Tackle Spending Shame with a Personal Budget

ADHD Guilt and Shame around Spending Money - How Personal Budgets can help.

I can’t believe I’ve spent so much…

Do you feel guilty every time you buy something for yourself? Do you find yourself putting empty wrappers or coffee cups in the bin outside the house, hiding the evidence? Or maybe you’re the opposite, you feel so guilty about the idea of spending money on yourself that you never buy anything at all, instead you spend money on the people you love, trying to make them happy instead of treating yourself.

Both of those things are common in people who have ADHD. Some of us feel ashamed or guilty after buying a magazine or a drink and feel that they’ve been selfish. Sometimes our impulse buying kicks in, particularly if we’ve found a new hobby, and we go completely overboard, buying everything and anything that looks like it would be a great project, leading to huge waves of after purchase guilt and frustration, and ultimately to a lot of unfinished projects.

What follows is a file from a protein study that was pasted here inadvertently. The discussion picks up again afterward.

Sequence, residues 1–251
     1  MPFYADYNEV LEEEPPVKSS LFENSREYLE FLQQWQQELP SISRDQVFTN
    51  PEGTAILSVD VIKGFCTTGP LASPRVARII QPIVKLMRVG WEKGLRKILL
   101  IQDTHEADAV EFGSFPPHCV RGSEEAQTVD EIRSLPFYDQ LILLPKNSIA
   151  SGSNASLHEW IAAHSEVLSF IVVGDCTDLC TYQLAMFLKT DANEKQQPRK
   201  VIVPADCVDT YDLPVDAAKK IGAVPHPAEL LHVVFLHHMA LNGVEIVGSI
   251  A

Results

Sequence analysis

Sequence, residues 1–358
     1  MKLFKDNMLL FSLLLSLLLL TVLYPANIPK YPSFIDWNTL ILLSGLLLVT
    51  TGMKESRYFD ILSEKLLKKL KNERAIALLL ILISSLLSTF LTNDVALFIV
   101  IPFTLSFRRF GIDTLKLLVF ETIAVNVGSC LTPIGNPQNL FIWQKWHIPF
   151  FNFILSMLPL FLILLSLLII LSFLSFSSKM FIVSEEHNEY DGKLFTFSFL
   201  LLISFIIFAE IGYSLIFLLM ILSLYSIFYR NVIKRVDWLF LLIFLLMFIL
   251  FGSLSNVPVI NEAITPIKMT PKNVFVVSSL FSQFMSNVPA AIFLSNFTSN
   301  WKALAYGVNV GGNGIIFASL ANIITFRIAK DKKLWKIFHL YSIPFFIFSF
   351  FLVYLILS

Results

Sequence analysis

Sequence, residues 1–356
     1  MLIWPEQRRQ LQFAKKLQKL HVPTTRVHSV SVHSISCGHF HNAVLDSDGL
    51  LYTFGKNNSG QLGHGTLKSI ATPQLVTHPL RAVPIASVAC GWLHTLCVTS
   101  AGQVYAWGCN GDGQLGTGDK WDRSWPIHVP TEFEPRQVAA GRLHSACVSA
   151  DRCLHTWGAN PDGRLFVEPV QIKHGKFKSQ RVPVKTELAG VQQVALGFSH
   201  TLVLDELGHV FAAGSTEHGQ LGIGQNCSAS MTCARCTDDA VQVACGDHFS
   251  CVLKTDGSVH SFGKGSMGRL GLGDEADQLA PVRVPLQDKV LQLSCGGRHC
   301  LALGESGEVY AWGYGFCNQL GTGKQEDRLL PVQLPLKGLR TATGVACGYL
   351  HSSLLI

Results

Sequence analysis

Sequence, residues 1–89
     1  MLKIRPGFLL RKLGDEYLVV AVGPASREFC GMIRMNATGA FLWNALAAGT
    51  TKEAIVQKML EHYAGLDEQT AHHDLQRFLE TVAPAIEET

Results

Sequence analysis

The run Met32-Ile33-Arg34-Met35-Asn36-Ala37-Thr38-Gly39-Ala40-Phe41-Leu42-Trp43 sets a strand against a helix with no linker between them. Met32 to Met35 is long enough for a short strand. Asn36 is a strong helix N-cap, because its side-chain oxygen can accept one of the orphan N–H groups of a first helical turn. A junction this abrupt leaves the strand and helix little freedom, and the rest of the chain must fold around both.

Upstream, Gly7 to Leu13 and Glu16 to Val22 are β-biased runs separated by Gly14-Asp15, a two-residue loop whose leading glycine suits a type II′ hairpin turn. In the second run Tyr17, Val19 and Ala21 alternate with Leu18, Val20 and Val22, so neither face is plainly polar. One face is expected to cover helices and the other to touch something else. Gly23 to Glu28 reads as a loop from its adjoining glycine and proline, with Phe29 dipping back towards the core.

Money is difficult to manage, and as a lot of people with ADHD struggle to find work they are often the person who stays at home to look after the kids while their partner works, and as such, they are ‘in charge’ of the household finances. Every time we stumble and buy something we just can’t resist there’s a feeling of failure, and the question of whether we ‘confess’ what we’ve done or not. Some people have a family who understands the difficulties we have with money, others are not so fortunate and when things get out of hand, when we realise that we’ve hit the credit limit, or we haven’t considered the fact that the car insurance is due next week, or the school trip payments need to be made.

Ideally, we’d all have someone there to carefully manage our finances, to guide us with what is a good purchase, and what is necessary, and to tell us that we don’t need to ‘buy’ our friends and family with gifts but for most of us, this just isn’t possible.

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Summary of ADHD: The Brain-Behaviour Connection by Dr. Joel Nigg Ph.D.